Moving to Lisbon – A Beginners Guide


Its a bit of an unknown, Portugal, it doesn’t come up that much on the travel shows, it occasionally comes up on the move abroad shows but Lisbon especially, doesn’t get much love at all… and it should. So here is my very brief and honest guide to Lisbon.


Things to love

  • The 2019, The Internations Expat Insider Survey ranked Portugal 1st for quality of life. Expats who took part in the survey spoke particularly highly of the quality of the environment and climate whilst safety and security also scored high with some expats stating that they chose Portugal because it felt especially safe.
  • From groceries to rent, it’s widely known that people move here to save big. Portugal is one of the best value locations in Europe. While the salaries may be a little low in comparison to the larger European city hubs, it makes up in insanely inexpensive living costs. 
  • Portugal is a well-known surfers’ paradise and, due to its unique geographical position, picks up North, West, and South swells which mean there’s consistent surf for a good portion of the year. Swells can generally reach around 6 feet during winter but can get to around 15 feet or even more. I know its niche but most of LRP’s clients offer free surfing lessons so… may as well get to know surfing.


Things to bear in mind 

  • Try to get anything done in Portugal, whether it’s starting a business or applying for planning permission, and you’ll run into a little thing called “bureaucracy.” There’s a lot of it in Portugal and it will drive you mad.
  • For some people having to learn Portuguese to live in Portugal is a fact of life. To others, it’s a big downside. It isn’t so much that people don’t want to learn Portuguese (although some don’t), but rather that it’s a big stumbling block that prevents you from integrating into Portugal. While this is not unique to just Portugal it is a known fact that Portuguese is not the easiest language to learn. That said, it’s probably no more more difficult than German.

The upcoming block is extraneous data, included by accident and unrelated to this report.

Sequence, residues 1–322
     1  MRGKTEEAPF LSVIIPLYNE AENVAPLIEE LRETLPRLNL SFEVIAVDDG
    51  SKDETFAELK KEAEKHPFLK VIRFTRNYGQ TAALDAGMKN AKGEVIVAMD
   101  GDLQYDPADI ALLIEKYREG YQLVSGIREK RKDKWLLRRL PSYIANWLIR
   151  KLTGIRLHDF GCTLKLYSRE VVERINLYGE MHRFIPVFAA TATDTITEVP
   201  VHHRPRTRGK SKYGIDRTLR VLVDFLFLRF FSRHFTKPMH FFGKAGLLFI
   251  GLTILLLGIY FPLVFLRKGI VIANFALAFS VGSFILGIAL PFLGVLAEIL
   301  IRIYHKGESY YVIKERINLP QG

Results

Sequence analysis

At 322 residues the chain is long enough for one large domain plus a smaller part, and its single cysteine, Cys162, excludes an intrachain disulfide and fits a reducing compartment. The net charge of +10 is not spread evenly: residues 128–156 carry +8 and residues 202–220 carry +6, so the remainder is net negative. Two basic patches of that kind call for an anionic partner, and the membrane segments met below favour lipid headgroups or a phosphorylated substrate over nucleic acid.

• Whether it’s people flashing their lights because they’re desperate to overtake, or only leaving a gap of about an inch between your car and theirs, driving in Portugal is bad. Indicators are rarely used, touch parking is common in the cities, and in rural parts of Portugal people often park diagonally across two or three spaces. Luckily your resident writer has been to India and in comparison, Portuguese driving is like a beautiful painting.



The Portuguese are very friendly in nature, and the country is often named as one of the most welcoming for expats, especially Lisbon which is fast becoming the digital nomad capital of the World.


Most people in Portugal speak English, so language barrier should not be too much of a problem but learning Portuguese might be one way to guarantee you fully assimilate into the Portuguese ways and culture. If you are concerned about not knowing the language, don’t worry, most of the clients we recruit for in Lisbon offer free Portuguese language lessons


The Portuguese are quiet in most situations in public. Listening to music or speaking loudly is usually frowned upon (standard) However, going out to dinner or drinks is a different story. Portuguese people tend to me more outgoing, relaxed, and a bit louder when out with friends, a bit like everyone everywhere really… this entire paragraph was a bit pointless really.


The country’s typical Mediterranean diet is both savory and healthy. Olive oil, potatoes, rice, meat, and fish are staples in the Portuguese diet. Bread finds its way into most meals from breakfast to dinner, as an entrée, on the side, or as the main source of carbohydrates. Its bread its everywhere.


What’s interesting about Portugal (a little like Italy) is that dinner is much later than most other places in the World, its not uncommon for people to turn up at a restaurant after 10pm, so if you have that dinner date with the team… eat at 5 and you’ll be fine.


Public Transportation in Portugal

What is Public Transportation like in Portugal?